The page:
Melissa Harwin and John Kunkle established Highgate Farm in Madison County as a market garden and homestead in 2006 with 4 acres under cultivation. In 2019, they invested in infrastructure that helped meet the demands of a crisis no one saw coming.

“We put up a barn with a loft, and that made it possible for us to go from 24 members of our CSA in 2019 to the 73 we ended up with in 2020,” says Harwin. “For the first time since we started our CSA in 2016, we had indoor space for processing produce and packing boxes, and that made all the difference.”

The barn also provided storage space for the produce boxes themselves, another unexpected challenge. “We had always reused the boxes we pack the produce in, but with COVID, we couldn’t do that anymore,” Harwin recalls. “We went from 24 members reusing boxes to 73 members with new boxes each week.” Highgate ordered eight pallets worth of ¾-bushel waxed boxes and stored them in the barn.

Switching gears

Aside from supply chain concerns and safety anxiety, farmers say restaurants being closed and people working from home led to more people cooking, and many of those home chefs were not living by vegetables alone.

In March 2020, Hickory Nut Gap Farm in Fairview had 140 members in its meat-based CSA; within two months, that figure leapt to over 400 members. “We had to create a whole new inventory space in our walk-in freezer to accommodate the numbers,” says CSA director Jennifer White. “Our butchery switched gears to build a CSA inventory, and an online subscription process was created to make payments easier.”

White says that this year, as the world tentatively makes steps toward “normalcy,” membership numbers have dropped somewhat but are still well above pre-pandemic numbers at 335. The farm has contracted with Leading Green Distributing to deliver shares and plans to purchase a refrigerated truck to take CSA boxes to markets this summer.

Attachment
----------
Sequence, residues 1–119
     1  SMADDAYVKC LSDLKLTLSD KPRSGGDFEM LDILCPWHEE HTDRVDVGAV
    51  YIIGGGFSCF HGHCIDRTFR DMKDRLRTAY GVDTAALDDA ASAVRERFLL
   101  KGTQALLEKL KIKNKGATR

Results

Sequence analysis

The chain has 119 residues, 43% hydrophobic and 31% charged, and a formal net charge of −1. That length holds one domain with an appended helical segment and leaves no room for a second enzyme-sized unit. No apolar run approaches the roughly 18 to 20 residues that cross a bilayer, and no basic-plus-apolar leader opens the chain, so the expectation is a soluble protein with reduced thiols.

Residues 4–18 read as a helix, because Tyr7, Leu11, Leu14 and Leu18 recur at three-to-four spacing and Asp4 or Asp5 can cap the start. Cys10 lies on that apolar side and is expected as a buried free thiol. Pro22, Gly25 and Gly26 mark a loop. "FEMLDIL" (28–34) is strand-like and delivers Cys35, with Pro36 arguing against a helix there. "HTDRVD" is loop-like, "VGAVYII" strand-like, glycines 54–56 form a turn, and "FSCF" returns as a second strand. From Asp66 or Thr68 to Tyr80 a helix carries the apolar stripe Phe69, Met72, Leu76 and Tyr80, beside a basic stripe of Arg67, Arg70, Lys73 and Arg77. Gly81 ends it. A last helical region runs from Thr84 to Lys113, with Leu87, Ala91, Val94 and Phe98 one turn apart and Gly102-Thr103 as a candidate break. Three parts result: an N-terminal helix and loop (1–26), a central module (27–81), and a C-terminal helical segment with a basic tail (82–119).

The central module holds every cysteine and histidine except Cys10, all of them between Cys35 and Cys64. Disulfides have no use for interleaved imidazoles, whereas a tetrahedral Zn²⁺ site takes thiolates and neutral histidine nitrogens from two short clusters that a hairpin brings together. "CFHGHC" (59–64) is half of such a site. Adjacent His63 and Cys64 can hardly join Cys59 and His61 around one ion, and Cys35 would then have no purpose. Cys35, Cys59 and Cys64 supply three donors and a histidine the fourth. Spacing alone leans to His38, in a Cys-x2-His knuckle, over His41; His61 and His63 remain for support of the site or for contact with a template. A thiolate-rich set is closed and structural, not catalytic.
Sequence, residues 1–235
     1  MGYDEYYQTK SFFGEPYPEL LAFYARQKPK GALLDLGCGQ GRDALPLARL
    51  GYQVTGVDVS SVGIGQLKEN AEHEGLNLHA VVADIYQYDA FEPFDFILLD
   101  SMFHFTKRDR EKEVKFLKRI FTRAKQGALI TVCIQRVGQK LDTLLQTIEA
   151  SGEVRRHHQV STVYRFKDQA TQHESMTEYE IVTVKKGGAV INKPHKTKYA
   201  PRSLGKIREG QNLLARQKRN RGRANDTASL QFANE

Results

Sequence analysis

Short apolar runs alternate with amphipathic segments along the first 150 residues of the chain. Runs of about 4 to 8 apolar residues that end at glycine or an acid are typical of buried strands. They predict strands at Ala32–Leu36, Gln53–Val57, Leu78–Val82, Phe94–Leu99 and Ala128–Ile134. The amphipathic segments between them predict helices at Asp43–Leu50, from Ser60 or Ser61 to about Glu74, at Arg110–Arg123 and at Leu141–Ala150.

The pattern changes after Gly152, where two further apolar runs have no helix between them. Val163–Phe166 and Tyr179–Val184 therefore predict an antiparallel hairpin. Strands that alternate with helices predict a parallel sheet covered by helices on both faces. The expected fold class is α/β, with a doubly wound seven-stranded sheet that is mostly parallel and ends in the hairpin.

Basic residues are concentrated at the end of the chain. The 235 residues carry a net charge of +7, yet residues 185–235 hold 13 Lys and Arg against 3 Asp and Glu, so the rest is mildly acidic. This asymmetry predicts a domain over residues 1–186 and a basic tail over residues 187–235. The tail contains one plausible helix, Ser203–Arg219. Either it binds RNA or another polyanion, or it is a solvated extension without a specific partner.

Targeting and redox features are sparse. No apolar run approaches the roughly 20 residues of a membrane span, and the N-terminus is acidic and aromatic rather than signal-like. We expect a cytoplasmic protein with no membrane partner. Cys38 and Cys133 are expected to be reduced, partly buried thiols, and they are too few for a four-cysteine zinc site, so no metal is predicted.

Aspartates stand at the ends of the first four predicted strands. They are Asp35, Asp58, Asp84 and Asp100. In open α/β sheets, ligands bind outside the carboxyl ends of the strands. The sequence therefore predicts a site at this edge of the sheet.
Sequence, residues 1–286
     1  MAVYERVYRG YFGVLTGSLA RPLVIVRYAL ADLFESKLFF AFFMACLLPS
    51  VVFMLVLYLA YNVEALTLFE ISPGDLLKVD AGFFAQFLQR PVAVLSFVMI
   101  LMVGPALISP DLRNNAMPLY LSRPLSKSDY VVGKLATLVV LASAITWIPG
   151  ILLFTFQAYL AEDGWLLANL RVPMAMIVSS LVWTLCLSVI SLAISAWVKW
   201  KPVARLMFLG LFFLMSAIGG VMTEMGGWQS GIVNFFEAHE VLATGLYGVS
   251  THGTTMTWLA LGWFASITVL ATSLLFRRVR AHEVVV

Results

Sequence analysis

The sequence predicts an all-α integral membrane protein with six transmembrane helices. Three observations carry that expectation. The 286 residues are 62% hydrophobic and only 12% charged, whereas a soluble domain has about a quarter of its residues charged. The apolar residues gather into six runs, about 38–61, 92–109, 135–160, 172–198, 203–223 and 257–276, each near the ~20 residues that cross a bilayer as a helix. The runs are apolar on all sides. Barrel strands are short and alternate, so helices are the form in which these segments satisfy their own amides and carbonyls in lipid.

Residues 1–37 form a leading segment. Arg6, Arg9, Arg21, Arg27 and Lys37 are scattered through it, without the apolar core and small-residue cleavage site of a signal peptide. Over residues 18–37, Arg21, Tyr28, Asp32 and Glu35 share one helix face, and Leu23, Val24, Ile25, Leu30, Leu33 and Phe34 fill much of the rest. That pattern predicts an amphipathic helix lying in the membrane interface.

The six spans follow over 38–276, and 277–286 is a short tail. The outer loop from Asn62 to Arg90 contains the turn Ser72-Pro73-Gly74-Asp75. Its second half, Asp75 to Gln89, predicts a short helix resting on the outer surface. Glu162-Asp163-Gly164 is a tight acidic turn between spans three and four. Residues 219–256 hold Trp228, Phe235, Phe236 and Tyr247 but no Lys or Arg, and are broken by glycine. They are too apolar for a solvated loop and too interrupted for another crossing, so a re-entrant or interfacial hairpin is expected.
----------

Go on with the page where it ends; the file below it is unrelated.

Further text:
New Roots, Mighty Gnome and Highgate also planned — and planted — for an anticipated healthy tailgate market season and for maintaining the continued consumer embrace of CSAs in 2021. Harwin says that in mid-April, Highgate still had spots open for its CSA, but inquiries were coming in every day. And she is ready for tomato fans. “This year we will double the growing space and number of plants for slicing tomatoes, because people love them,” she says.

Keeter says this spring is not quite as frantic and stressful for Mighty Gnome as in 2020, and she intends to cap CSA membership at 40, up from 34 last year. “Our highest goal has always been to make the best CSA, so until we get more land — which we’re working on — we’ll keep our numbers at a level to achieve that.”

New Roots will be back at three markets this year and has delayed its previous plan to suspend its CSA, which is capped at a membership of 30. “Our members were so grateful in 2020, we felt guilty even considering dropping it,” Fayette says.

To find a local CSA program, check out ASAP’s Full Share guide at


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About Kay West
Kay West was a freelance journalist in Nashville for more than 30 years, contributing writer for the Nashville Scene, StyleBlueprint Nashville, Nashville correspondent for People magazine, author of five books and mother of two happily launched grown-up kids. To kick off 2019 she put Tennessee in her rear view mirror, drove into the mountains of WNC, settled in West Asheville and appreciates that writing offers the opportunity to explore and learn her new home. She looks forward to hiking trails, biking greenways, canoeing rivers, sampling local beer and cheering the Asheville Tourists.